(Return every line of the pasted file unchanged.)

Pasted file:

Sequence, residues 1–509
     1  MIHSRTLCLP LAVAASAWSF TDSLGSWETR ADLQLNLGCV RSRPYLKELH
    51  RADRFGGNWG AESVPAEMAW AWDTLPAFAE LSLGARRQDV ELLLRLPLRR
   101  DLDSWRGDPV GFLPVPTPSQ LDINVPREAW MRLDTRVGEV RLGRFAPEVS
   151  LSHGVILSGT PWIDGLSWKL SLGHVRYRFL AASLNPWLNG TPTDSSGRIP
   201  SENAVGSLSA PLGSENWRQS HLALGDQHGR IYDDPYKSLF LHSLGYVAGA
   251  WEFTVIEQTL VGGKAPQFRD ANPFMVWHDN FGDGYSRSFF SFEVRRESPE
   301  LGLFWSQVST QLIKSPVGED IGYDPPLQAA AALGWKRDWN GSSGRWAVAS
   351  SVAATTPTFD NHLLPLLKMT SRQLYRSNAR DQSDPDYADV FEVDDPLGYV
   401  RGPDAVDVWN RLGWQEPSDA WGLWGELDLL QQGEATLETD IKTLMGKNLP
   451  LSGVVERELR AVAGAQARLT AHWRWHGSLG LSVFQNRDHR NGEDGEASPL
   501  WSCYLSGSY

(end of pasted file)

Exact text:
Sequence, residues 1–509
     1  MIHSRTLCLP LAVAASAWSF TDSLGSWETR ADLQLNLGCV RSRPYLKELH
    51  RADRFGGNWG AESVPAEMAW AWDTLPAFAE LSLGARRQDV ELLLRLPLRR
   101  DLDSWRGDPV GFLPVPTPSQ LDINVPREAW MRLDTRVGEV RLGRFAPEVS
   151  LSHGVILSGT PWIDGLSWKL SLGHVRYRFL AASLNPWLNG TPTDSSGRIP
   201  SENAVGSLSA PLGSENWRQS HLALGDQHGR IYDDPYKSLF LHSLGYVAGA
   251  WEFTVIEQTL VGGKAPQFRD ANPFMVWHDN FGDGYSRSFF SFEVRRESPE
   301  LGLFWSQVST QLIKSPVGED IGYDPPLQAA AALGWKRDWN GSSGRWAVAS
   351  SVAATTPTFD NHLLPLLKMT SRQLYRSNAR DQSDPDYADV FEVDDPLGYV
   401  RGPDAVDVWN RLGWQEPSDA WGLWGELDLL QQGEATLETD IKTLMGKNLP
   451  LSGVVERELR AVAGAQARLT AHWRWHGSLG LSVFQNRDHR NGEDGEASPL
   501  WSCYLSGSY